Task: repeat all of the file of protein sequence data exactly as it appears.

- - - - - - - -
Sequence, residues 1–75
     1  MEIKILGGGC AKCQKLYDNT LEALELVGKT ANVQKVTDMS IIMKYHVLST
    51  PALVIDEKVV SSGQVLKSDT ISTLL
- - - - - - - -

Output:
Sequence, residues 1–75
     1  MEIKILGGGC AKCQKLYDNT LEALELVGKT ANVQKVTDMS IIMKYHVLST
    51  PALVIDEKVV SSGQVLKSDT ISTLL